Ryerson University’s Centre for Urban Research and Land Development recently released a report which found millennials like their parents haven’t abandoned their dreams of home ownership although some may have trouble giving up their smashed avocados on toast to achieve that real estate fantasy.
Based on extensive demographic research and statistical analysis, the report finds millennials in the Greater Toronto and Hamilton Area are on track to follow in their parents’ footsteps and become homeowners, but they’re going to face steep prices and a potential housing shortage.
The current rate of home ownership among millennials is 40 per cent, and that is expected to grow to 60 per cent by 2026, according to the report.
A total of 500,000 new millennial households will be formed over the next decade, the report says, and of that number, 350,000 are expected to become homeowners.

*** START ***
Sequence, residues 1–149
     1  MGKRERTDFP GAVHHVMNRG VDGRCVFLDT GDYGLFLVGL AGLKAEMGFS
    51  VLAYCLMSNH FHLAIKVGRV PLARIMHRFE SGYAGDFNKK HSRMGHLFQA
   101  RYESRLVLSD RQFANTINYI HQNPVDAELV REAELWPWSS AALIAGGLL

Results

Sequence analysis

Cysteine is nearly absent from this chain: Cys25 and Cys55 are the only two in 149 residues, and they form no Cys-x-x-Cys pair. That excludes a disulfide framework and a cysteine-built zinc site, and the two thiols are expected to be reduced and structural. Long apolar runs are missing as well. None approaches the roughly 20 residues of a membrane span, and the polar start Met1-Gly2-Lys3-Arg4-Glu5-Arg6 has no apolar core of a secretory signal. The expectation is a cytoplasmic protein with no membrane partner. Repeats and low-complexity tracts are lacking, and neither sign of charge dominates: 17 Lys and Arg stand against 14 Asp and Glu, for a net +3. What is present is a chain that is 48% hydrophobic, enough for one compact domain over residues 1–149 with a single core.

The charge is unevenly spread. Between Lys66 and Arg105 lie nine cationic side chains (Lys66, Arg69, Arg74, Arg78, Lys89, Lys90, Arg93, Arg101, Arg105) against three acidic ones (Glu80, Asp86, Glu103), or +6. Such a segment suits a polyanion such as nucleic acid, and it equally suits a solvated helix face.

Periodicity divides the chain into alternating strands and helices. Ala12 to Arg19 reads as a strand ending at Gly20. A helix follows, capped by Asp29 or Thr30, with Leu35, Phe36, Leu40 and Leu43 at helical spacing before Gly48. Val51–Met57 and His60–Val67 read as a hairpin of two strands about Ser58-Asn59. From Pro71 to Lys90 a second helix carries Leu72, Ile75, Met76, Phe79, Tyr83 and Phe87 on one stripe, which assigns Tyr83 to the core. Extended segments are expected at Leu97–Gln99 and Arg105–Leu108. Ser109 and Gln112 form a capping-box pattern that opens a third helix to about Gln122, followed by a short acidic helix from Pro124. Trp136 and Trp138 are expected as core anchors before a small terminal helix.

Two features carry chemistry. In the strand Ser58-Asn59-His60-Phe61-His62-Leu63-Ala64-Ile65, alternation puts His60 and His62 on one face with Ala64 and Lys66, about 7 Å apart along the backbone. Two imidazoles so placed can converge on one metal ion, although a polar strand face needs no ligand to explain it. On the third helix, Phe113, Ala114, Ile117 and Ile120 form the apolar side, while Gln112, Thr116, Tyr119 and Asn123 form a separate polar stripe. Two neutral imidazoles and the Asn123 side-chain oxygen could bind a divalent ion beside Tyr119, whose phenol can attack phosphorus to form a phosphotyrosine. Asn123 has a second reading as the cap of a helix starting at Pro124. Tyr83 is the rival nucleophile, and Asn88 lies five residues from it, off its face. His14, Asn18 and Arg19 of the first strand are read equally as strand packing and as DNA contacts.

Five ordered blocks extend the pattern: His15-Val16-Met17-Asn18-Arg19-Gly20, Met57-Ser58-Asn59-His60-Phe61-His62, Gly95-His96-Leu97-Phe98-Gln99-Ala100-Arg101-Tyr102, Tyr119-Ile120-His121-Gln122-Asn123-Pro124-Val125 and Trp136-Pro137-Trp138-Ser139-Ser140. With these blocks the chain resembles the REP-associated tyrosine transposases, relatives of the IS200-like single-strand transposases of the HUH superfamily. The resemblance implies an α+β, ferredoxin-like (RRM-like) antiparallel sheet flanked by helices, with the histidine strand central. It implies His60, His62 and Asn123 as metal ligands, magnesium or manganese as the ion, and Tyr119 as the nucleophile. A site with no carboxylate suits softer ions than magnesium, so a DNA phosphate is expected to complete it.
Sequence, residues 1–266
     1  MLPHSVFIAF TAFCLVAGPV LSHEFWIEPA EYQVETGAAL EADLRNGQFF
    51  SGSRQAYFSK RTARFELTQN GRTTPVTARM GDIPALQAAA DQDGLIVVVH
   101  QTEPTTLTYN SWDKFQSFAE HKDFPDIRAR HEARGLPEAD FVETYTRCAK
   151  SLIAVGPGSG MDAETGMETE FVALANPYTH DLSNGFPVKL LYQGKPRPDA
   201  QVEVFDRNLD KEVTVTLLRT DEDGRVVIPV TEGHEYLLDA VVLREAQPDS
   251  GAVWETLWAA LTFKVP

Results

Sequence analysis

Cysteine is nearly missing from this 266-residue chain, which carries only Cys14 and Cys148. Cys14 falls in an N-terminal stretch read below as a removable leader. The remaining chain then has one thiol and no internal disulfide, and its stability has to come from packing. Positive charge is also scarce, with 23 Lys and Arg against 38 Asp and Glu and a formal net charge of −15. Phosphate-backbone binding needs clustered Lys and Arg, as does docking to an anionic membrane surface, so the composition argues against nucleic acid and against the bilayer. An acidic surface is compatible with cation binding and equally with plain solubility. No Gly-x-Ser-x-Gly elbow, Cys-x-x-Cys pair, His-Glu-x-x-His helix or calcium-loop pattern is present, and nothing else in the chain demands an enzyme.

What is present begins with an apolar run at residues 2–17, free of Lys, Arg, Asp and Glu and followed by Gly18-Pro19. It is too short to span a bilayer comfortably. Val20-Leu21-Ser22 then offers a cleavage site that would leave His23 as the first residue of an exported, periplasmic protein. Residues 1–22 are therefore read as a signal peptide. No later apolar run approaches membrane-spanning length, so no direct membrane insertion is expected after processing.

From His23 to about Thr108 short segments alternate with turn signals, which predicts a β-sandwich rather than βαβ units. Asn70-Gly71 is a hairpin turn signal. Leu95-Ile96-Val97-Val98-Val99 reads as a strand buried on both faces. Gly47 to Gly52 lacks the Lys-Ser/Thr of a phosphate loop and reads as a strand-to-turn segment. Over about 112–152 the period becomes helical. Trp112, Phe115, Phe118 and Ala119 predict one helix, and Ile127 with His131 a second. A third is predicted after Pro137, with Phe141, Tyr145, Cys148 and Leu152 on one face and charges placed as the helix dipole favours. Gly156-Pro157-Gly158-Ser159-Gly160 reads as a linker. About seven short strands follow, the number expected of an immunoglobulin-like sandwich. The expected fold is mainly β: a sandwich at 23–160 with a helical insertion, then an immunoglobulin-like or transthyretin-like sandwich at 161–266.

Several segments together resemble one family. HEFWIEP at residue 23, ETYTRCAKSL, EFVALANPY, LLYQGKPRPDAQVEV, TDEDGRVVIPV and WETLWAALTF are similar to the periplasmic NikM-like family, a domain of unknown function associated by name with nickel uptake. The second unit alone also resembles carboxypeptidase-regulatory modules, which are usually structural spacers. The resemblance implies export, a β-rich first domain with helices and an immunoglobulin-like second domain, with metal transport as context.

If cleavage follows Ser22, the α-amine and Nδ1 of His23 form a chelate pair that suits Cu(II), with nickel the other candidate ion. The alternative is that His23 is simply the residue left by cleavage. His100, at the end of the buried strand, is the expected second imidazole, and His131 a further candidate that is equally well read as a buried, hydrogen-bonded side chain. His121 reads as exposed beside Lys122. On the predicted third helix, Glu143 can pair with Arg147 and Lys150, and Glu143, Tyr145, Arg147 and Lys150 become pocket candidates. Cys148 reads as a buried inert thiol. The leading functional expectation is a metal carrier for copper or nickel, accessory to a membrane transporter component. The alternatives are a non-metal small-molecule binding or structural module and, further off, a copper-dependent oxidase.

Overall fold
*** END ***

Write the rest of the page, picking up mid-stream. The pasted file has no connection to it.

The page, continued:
The report also states that the differences between millennials and past generations tend to be most pronounced while millennials are in their 20s.
The report, which defines millennials as anyone born between 1981 and 2001, finds the average age of millennials in the region is 26 .
But as millennials age into their early 30s, the report predicts they will start to catch up on many of the family goals they’ve been putting off.
When it comes to their living situation, millennials tend to aspire to home ownership rather than renting, and they prefer buying “ground-related homes” — single homes, semi-detached homes or townhomes — rather than living in high-rise units.
The report predicts a reversal of the recent trend of millennials moving downtown and living in condos, toward a move to the suburbs. Economic reality and not preference seems to be shaping their decisions.
The report predicts the region will be short 70,000 ground-related housing units over the next 10 years. According to the report, this will cause “continued upward pressure on prices over the long-term.”
But despite these reports the grim reality is that the dream of home ownership will fade for a large segment of millennials who will rationalise their decision to rent in the future or move from the big city into smaller and less fussy towns.